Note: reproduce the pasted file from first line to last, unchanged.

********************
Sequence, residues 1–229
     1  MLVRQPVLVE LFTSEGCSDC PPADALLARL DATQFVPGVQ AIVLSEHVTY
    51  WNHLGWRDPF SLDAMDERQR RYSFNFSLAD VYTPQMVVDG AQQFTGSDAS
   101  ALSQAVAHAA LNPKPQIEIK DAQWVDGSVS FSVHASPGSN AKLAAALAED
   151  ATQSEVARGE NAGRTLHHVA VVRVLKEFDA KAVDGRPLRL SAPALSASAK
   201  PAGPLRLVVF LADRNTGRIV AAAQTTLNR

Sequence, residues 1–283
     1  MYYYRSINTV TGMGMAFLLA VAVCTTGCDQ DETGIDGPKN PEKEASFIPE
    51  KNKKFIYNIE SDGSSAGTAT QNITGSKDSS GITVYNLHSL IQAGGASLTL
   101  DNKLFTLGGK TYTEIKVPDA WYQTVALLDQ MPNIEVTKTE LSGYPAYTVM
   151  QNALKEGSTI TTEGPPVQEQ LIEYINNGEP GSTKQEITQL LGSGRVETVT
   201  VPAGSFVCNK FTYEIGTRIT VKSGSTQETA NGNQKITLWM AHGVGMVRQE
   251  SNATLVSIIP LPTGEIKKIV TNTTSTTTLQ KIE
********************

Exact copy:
Sequence, residues 1–229
     1  MLVRQPVLVE LFTSEGCSDC PPADALLARL DATQFVPGVQ AIVLSEHVTY
    51  WNHLGWRDPF SLDAMDERQR RYSFNFSLAD VYTPQMVVDG AQQFTGSDAS
   101  ALSQAVAHAA LNPKPQIEIK DAQWVDGSVS FSVHASPGSN AKLAAALAED
   151  ATQSEVARGE NAGRTLHHVA VVRVLKEFDA KAVDGRPLRL SAPALSASAK
   201  PAGPLRLVVF LADRNTGRIV AAAQTTLNR

Sequence, residues 1–283
     1  MYYYRSINTV TGMGMAFLLA VAVCTTGCDQ DETGIDGPKN PEKEASFIPE
    51  KNKKFIYNIE SDGSSAGTAT QNITGSKDSS GITVYNLHSL IQAGGASLTL
   101  DNKLFTLGGK TYTEIKVPDA WYQTVALLDQ MPNIEVTKTE LSGYPAYTVM
   151  QNALKEGSTI TTEGPPVQEQ LIEYINNGEP GSTKQEITQL LGSGRVETVT
   201  VPAGSFVCNK FTYEIGTRIT VKSGSTQETA NGNQKITLWM AHGVGMVRQE
   251  SNATLVSIIP LPTGEIKKIV TNTTSTTTLQ KIE